Anyway, at that point, I wanted to keep it democratic, so we voted on the tunes, and they voted on a lot of songs that were, in my opinion, impossible to do instrumentally-they had to have vocals. So then we kinda went around and around about that. Some of the guys suggested, “Well, why don’t we get a Beefheart clone?” as we call them—guys who, you know, try to imitate Don and sing like him. And I thought, “No, I don’t wanna deal with somebody who’s obsessed with Don.” If you’ve read the book, you’d know that it wasn’t always so easy to get along with Don. So I didn’t wanna deal with somebody who worshiped Don. And I also didn’t want to front the Magic Band with somebody who wasn’t a Magic Band member.

So, I had been working on one song that I wanted to sing, “Big Eyed Beans.” I felt like I was getting the kind of energy that needed to be there to make that song work. And I thought, “Well, if I can do it with that one, I can do it with the other ones.” So I told the guys, “I wanna sing.” And it was all still up in the air until we got to the studio. Everybody was sort of holding their breath, and I was under this sort of scrutiny. [Laughs.] But I passed—I passed the exam.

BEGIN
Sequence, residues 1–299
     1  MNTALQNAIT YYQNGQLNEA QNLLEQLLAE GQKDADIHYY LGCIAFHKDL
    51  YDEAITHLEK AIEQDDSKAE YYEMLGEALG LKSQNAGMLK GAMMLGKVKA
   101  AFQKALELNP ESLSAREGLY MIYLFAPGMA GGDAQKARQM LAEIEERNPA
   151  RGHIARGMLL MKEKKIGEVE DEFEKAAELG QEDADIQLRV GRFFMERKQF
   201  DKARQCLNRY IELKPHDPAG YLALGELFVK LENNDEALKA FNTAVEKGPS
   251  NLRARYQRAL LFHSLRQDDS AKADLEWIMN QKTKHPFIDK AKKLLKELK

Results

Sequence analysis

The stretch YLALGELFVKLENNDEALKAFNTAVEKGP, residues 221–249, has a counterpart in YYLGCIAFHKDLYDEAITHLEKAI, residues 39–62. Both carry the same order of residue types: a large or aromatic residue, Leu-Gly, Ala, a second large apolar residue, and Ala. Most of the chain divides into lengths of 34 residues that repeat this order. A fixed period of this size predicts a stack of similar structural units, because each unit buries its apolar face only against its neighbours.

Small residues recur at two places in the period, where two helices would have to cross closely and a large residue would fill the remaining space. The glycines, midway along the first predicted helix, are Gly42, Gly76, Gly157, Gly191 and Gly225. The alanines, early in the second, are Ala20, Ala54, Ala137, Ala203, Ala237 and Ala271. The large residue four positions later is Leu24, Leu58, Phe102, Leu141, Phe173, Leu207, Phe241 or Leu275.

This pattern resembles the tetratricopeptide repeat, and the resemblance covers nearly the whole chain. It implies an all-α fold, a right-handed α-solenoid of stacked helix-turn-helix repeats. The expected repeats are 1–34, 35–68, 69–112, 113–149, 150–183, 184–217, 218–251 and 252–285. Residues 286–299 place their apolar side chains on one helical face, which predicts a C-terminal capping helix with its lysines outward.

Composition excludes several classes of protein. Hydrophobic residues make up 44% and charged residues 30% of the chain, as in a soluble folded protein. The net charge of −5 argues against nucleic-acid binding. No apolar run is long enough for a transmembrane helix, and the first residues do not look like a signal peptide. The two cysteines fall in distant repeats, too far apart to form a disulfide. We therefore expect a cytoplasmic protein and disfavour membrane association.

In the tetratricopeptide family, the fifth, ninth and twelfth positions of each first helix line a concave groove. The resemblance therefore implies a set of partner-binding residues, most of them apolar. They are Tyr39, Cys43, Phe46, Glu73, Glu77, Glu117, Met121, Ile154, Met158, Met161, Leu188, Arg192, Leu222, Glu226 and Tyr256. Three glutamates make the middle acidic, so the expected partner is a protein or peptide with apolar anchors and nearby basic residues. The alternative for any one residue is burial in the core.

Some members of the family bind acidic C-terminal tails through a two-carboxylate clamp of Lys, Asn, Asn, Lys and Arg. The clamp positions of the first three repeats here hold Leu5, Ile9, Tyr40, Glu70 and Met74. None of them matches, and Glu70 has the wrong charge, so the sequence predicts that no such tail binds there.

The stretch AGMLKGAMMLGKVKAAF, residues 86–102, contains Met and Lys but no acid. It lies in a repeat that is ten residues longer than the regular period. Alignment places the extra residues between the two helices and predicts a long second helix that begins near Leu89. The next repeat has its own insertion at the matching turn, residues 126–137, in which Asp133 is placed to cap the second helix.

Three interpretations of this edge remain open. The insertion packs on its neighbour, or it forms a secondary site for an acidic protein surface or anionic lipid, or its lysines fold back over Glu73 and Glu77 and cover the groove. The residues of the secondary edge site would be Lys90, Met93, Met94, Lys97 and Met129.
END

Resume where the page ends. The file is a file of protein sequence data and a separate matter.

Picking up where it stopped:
Yeah, I was amazed by the singing. Is that something you’ve been working on for a long time?

Yeah, I’d come home and for maybe half an hour a day, after I did my work, I’d come home and just sing along with the songs. And then I got to where I was tape-recording myself. And for awhile, it seemed like it was gonna be hopeless. [Laughs.] I listened to myself and I sounded more like Popeye the Sailor. And suddenly it just sort of popped out one day, and I realized where the energy needed to come from, and how to focus better. Something came out that worked, you know what I’m saying?

Yeah.

And then, of course, the next big area of concern was, “Well, what’s gonna be the fans’ reaction? Is it gonna be, ‘How dare he?'” I’d read a review of a show that Gary Lucas did, an instrumental thing called Fast ‘n Bulbous. The review of that show said, “Of course nobody sang, because how dare anybody try to sing Captain Beefheart songs?” And I thought, “Well, that’s kind of silly.” A lot of people cover other people’s material. So I didn’t see any problem with it. But I knew that the fans might react adversely. But they didn’t. Surprisingly enough, everybody seemed to accept it, and I think they just enjoyed hearing the music performed again and seeing some of the original members back together.